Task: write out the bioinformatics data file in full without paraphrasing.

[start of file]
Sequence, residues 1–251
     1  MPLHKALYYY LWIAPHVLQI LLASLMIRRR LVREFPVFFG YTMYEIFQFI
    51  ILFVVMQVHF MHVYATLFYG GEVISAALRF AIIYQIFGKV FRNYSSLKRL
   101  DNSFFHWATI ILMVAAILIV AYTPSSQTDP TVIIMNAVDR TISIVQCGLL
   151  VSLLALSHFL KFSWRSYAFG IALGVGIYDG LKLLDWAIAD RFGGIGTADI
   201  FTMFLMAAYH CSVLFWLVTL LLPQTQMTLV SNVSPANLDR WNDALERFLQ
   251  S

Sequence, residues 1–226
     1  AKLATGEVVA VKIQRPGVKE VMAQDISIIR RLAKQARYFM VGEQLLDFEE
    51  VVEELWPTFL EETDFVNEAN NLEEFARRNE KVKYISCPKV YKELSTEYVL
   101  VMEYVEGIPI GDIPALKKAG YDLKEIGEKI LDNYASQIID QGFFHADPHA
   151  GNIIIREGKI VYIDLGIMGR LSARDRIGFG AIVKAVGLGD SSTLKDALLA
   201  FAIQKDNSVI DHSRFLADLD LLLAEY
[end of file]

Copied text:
Sequence, residues 1–251
     1  MPLHKALYYY LWIAPHVLQI LLASLMIRRR LVREFPVFFG YTMYEIFQFI
    51  ILFVVMQVHF MHVYATLFYG GEVISAALRF AIIYQIFGKV FRNYSSLKRL
   101  DNSFFHWATI ILMVAAILIV AYTPSSQTDP TVIIMNAVDR TISIVQCGLL
   151  VSLLALSHFL KFSWRSYAFG IALGVGIYDG LKLLDWAIAD RFGGIGTADI
   201  FTMFLMAAYH CSVLFWLVTL LLPQTQMTLV SNVSPANLDR WNDALERFLQ
   251  S

Sequence, residues 1–226
     1  AKLATGEVVA VKIQRPGVKE VMAQDISIIR RLAKQARYFM VGEQLLDFEE
    51  VVEELWPTFL EETDFVNEAN NLEEFARRNE KVKYISCPKV YKELSTEYVL
   101  VMEYVEGIPI GDIPALKKAG YDLKEIGEKI LDNYASQIID QGFFHADPHA
   151  GNIIIREGKI VYIDLGIMGR LSARDRIGFG AIVKAVGLGD SSTLKDALLA
   201  FAIQKDNSVI DHSRFLADLD LLLAEY